Christmas was banned in Scotland in 1560 when the country split from the Catholic Church. Even singing Christmas carols was a serious crime! It wasn’t until 1958 — nearly 400 years later — that Christmas became a public holiday.
But, the Scots are sure making up for lost time! Here are 15 magical ways to celebrate Christmas in Edinburgh:
1. Enjoy The Sparkle At The Botanic Garden’s Light Trail
The enchanting Christmas Light Trail at the Royal Botanic Garden (which is celebrating its 350th anniversary this year) is by far my favorite holiday event in Edinburgh. Now in its 4th year, this 1-mile trail uses more than a million lights to create several distinct luminous displays, which vary every year.
This year, I was struck by a stirring rendition of Ave Maria comingling with the soothing sounds of a waterfall that provided the backdrop for a romantically lit creek. A rhythmic light display that danced along the high windows of the garden’s greenhouse was mesmerizing. A whimsical laser garden that “snowed” green flakes and beamed green lines through mist created a particularly intriguing illusion. What I liked best, though, were the stunning Japanese lanterns hung in the Japanese Garden section, which gave a nod to how other cultures decorate for the holidays.
Pro Tips: The trail is uncovered, so prepare for changeable weather and possible rain; wear sturdy shoes and dress warmly. Some areas are dark, so you might want to bring a flashlight (although helpful and friendly staff are stationed to provide light and directions). The trail is mostly wheelchair accessible, with some parts of the experience on uneven, unpaved ground. Paths can be steep. Hot food, hot chocolate, and non-alcoholic mulled wine are offered for sale. Expect to spend about an hour.
2. Catch It’s A Wonderful Life At The Drive-In
During December, an old-fashioned drive-in takes over a parking lot at Edinburgh Airport to screen Christmas classics like How the Grinch Stole Christmas, Bad Santa, Love Actually, and The Polar Express. On the weekends, four different movies are screened from as early as 10:30 a.m. Weeknights feature two shows (separate tickets required).
Pro Tips: Gourmet street food, as well as alcoholic beverages, are available for purchase, and all facilities are accessible. You do need a car (no walk-ins). Car engines are required to be off during the show, so dress warmly or bring blankets, as even in inclement weather, the show must go on!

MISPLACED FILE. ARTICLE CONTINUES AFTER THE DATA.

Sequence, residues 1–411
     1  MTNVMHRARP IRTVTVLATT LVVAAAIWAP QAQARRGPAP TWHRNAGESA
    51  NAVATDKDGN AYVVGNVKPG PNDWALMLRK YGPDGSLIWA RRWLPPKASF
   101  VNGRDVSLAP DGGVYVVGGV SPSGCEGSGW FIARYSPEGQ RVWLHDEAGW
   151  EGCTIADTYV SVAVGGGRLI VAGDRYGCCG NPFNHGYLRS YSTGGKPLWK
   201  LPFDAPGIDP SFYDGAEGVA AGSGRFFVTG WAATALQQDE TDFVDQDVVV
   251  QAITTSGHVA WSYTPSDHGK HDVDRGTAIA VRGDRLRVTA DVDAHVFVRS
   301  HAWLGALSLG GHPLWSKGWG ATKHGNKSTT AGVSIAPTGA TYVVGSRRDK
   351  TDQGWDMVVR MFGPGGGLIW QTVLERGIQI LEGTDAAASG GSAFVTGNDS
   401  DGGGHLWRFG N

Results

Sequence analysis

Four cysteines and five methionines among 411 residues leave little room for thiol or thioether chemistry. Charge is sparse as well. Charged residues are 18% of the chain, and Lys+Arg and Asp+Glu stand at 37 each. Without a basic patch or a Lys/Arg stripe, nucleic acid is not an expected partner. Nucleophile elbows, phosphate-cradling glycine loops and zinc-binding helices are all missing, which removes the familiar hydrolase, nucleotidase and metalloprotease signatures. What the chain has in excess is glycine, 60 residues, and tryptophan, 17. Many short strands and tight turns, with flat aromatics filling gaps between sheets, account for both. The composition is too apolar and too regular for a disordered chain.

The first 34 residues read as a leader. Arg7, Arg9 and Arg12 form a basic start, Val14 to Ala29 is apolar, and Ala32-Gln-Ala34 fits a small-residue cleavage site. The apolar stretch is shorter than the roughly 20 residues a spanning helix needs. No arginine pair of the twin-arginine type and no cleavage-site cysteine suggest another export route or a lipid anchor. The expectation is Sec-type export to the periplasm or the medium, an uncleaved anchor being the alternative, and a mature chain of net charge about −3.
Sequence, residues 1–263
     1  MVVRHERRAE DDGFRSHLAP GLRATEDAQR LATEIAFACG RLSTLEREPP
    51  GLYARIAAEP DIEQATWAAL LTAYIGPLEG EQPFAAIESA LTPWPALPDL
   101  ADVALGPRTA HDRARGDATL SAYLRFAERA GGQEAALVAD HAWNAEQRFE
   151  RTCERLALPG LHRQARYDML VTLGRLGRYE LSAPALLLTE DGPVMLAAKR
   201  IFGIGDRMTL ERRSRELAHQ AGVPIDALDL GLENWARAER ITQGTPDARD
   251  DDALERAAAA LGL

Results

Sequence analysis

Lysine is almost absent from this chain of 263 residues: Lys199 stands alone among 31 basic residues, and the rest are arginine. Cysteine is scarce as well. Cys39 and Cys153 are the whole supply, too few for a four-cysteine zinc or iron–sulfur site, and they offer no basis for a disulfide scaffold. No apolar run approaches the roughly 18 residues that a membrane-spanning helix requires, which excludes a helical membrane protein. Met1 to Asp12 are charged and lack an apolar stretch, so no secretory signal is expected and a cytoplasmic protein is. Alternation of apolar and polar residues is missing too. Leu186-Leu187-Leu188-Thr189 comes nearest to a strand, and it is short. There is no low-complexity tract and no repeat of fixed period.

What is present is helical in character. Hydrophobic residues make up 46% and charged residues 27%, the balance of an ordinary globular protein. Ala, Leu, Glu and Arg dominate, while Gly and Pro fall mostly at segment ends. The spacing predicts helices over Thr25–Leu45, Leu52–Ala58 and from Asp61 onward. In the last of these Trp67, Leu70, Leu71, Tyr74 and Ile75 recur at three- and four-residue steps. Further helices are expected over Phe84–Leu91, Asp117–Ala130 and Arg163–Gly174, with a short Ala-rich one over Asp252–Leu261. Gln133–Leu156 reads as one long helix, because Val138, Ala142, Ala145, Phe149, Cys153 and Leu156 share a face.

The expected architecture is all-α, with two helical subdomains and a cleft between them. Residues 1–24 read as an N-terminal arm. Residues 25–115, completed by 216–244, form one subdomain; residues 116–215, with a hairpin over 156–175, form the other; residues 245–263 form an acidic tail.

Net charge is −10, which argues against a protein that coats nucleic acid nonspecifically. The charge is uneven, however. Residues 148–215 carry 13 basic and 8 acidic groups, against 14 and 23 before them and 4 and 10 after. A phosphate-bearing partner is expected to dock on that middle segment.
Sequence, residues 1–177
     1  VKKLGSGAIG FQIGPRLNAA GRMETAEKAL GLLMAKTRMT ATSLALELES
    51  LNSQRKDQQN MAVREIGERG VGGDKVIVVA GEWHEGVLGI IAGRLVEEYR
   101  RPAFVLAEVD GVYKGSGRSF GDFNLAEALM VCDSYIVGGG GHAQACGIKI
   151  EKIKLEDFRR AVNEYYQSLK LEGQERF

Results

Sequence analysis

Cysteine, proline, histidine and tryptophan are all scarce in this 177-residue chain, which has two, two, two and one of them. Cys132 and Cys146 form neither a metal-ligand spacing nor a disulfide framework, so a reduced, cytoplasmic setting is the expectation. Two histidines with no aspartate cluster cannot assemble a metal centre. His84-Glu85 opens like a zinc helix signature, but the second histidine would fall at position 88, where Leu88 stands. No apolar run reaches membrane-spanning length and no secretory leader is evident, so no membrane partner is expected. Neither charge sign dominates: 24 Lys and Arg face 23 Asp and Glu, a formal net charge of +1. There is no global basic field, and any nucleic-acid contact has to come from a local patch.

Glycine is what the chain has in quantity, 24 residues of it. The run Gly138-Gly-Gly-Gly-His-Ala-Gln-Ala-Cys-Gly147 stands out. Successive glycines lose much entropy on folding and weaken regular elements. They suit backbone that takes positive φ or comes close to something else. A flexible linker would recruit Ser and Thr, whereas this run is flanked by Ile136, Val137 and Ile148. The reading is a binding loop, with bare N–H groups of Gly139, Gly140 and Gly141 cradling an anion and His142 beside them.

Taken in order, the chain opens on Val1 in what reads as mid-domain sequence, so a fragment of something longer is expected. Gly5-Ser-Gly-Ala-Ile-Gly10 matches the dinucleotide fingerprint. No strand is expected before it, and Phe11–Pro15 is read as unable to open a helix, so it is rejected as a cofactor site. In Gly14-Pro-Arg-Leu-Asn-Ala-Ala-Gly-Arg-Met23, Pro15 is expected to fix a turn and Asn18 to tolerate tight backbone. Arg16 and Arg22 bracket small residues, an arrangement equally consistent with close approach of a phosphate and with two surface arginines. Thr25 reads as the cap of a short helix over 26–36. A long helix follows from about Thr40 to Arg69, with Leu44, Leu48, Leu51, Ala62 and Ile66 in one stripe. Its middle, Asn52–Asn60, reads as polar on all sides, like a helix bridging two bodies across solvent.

3. Go Wild With The Edinburgh Zoo’s Penguins
Starting a new tradition this Christmas, the penguins of the Edinburgh Zoo are starring in an evening holiday light trail that features fairy lights, candy canes, and nutcrackers. Housing more than 100 penguins, the zoo’s Penguin Rock is Europe’s largest outdoor penguin pool.
Since darkness falls around 3:30 p.m. in December, the 2-hour experience starts bookings as early as 4:45. While the mile-long route is wheelchair accessible, it is on a hill. Dress warmly, wear comfortable shoes, and prepare for changeable weather and possible rain. Hot drinks, snacks, burgers, and pizza are available for purchase.
Pro Tip: The rest of the zoo is closed at night, but the evening light trail ticket can be combined with a daytime visit at a reduced entry price.
4. Celebrate At The Edinburgh Christmas Market
Although canceled in 2020 because of COVID-19, the Edinburgh Christmas Market is one of Europe’s most festive markets. Featuring holiday street food, fireworks, ice sculptures, carolers, local crafts, and dizzying views of Edinburgh Castle from the 180-foot-high Sky Flyer, the market is a multi-street festival running from mid-November to early January.
Pro Tip: The market draws millions of people, so go early — early in the season and early in the morning.
5. Start Celebrating Early With Light Night
Kicking off the Edinburgh Christmas Market in mid-November, Light Night is a festive event when the market’s lights are first illuminated. It’s a whole afternoon of carols and choirs, culminating in a spectacular fireworks show. It’s free — and outdoors.
Pro Tip: Because the sun sets in the late afternoon, this event starts earlier than you might expect.
6. Tipple A Bit Of Aelder Elixer Or Edinburgh Christmas Gin
Blending wild foraged Scottish elderberries and whisky, Aelder Elixer is a locally crafted liqueur. Its rich, velvety texture makes the perfect Christmas addition to celebratory bubbly — or on its own after dinner.